In our cohort, despite the fact that they were older and heavier, men with OSA had slightly higher total testosterone levels compared to men without OSA. SHBG was slightly higher as well in the former. SHBG is known to increase with age and this could explain our findings (58). No differences in free testosterone were present between groups, and results of the multivariate analysis were unchanged when free testosterone was used as a covariate in our models. Of note, most of our participants had moderate OSA, while studies that reported decreased testosterone levels in men with OSA vs. controls included a majority of patients with severe OSA (25–27). Furthermore, participants enrolled in those studies were older than our volunteers [average age over 50 in all but two studies (27, 59)]. In these studies, OSA and control participants were matched for either BMI (25) or age (26, 27). Furthermore, in all studies that examined testosterone levels in men with OSA (26, 27, 60–64) except one (25), the average or median testosterone levels in the OSA group were in the normal range [>300 ng/dl (65)], suggesting that a majority of men with OSA do have normal testosterone levels.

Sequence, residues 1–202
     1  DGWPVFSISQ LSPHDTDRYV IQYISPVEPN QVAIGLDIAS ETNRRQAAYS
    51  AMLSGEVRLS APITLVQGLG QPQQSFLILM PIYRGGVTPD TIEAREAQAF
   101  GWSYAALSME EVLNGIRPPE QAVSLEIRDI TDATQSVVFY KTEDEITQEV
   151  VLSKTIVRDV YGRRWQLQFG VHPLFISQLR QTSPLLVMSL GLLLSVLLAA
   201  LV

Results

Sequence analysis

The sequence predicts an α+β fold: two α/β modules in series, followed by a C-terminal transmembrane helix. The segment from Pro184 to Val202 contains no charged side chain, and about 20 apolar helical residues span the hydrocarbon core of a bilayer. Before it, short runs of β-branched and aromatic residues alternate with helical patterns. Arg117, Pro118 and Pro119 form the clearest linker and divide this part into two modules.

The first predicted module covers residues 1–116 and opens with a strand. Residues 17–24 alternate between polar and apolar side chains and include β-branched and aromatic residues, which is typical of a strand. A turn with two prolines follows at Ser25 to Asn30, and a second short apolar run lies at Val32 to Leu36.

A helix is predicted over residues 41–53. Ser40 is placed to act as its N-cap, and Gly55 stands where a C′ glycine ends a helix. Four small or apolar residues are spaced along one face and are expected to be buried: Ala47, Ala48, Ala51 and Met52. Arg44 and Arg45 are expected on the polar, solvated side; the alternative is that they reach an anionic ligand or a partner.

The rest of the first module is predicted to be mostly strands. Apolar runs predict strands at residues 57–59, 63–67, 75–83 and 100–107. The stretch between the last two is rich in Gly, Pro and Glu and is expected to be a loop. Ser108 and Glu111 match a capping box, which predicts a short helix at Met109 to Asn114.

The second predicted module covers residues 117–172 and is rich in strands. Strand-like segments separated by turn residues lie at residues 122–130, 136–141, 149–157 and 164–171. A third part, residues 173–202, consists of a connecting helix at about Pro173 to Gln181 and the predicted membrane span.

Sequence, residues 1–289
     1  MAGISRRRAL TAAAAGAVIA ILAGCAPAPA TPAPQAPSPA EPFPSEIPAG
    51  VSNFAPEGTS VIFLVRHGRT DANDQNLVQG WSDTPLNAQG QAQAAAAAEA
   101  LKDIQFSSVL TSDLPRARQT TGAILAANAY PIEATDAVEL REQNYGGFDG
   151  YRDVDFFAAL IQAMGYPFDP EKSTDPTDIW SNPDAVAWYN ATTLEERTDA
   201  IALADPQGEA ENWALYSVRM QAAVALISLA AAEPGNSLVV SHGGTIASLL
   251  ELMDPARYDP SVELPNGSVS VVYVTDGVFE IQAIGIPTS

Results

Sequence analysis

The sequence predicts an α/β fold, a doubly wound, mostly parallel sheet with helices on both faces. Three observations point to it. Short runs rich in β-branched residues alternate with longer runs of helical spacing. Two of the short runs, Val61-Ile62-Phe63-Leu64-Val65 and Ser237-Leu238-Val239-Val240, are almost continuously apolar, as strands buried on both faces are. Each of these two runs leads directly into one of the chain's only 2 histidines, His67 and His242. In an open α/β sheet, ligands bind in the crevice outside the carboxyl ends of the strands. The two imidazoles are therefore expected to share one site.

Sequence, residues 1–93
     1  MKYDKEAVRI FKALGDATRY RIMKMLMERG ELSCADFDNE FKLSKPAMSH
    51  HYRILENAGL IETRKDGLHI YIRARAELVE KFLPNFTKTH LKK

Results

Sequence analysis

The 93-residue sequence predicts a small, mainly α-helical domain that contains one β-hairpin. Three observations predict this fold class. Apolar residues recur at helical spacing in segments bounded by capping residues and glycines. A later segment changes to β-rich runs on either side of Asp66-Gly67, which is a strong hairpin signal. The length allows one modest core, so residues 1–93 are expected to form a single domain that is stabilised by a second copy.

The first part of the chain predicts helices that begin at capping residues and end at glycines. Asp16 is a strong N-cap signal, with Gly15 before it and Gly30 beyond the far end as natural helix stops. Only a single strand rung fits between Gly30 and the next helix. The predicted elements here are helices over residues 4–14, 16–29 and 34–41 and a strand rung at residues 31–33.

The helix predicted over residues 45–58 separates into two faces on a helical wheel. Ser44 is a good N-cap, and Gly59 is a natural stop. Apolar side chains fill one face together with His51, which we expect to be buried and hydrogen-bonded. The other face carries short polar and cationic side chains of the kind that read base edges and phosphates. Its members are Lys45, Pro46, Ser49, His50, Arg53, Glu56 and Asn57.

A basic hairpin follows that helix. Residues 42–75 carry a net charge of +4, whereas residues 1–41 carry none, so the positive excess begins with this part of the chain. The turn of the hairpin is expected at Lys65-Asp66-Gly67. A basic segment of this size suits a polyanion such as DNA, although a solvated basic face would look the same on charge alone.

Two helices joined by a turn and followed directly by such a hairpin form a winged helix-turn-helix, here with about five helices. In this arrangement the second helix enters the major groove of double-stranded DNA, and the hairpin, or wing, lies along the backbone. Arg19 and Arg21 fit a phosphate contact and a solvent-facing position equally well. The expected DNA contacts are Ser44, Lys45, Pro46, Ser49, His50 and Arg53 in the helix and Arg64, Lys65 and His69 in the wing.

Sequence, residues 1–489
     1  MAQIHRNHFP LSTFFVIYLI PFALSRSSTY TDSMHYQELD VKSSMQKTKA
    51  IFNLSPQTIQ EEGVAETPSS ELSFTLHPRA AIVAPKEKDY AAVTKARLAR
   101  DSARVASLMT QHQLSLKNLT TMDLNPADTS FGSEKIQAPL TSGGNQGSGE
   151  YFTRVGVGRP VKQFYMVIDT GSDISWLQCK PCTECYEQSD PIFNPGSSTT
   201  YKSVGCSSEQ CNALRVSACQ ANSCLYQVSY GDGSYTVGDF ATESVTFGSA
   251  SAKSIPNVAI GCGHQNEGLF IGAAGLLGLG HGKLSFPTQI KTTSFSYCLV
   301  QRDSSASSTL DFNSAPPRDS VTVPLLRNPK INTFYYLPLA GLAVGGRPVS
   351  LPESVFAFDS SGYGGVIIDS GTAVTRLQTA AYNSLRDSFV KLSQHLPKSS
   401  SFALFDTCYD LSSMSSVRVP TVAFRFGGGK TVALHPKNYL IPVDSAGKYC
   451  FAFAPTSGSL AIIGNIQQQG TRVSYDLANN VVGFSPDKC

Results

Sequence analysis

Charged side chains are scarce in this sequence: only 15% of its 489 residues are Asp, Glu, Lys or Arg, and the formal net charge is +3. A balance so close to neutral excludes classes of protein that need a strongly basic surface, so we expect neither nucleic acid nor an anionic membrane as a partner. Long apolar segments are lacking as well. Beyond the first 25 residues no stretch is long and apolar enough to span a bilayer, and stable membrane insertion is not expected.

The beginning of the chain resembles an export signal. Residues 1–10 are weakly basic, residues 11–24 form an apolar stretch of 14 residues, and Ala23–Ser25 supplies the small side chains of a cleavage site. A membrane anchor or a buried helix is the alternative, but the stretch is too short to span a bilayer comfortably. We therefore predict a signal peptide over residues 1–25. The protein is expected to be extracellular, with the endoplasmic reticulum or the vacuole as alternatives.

We have to acknowledge the limitations of the present study. First, the cross-sectional nature of the study limits any assessment of causality. Second, the study protocol did not include a habituation night and we cannot exclude an impact of an unfamiliar sleeping environment on the sleep variables. However, this would have affected all groups equally. Third, our cohort is relatively small. Fourth, we could not systematically control for the menstrual phase in women (who were all premenopausal and off hormonal contraceptives). However, no impact of menstrual phase on NREM SWA levels has been detected in previous studies (66, 67). By not controlling for menstrual phase, we may also have underestimated the prevalence of OSA in women, since upper airway resistance is decreased in the luteal phase (68). Furthermore, we may have overestimated T levels in women as androgen concentrations have been shown to peak in the late follicular phase (69). Fifth, testosterone levels in women were measured by RIA, which is reported to be less accurate at low values. However, our assay has been validated against a liquid chromatography/tandem mass spectrometry method, with correlation coefficients of 0.97 for all samples (men and women), and 0.91 for samples obtained from women (36). Finally, our testosterone assay was performed on a single morning sample for each participant. However, our study was not aimed at diagnosing hypogonadism, which does requires measurement of testosterone levels on two separate occasions at least (65). Furthermore, only one morning sample was obtained in most other studies that examined the impact of OSA on androgen levels (26, 27, 60–64).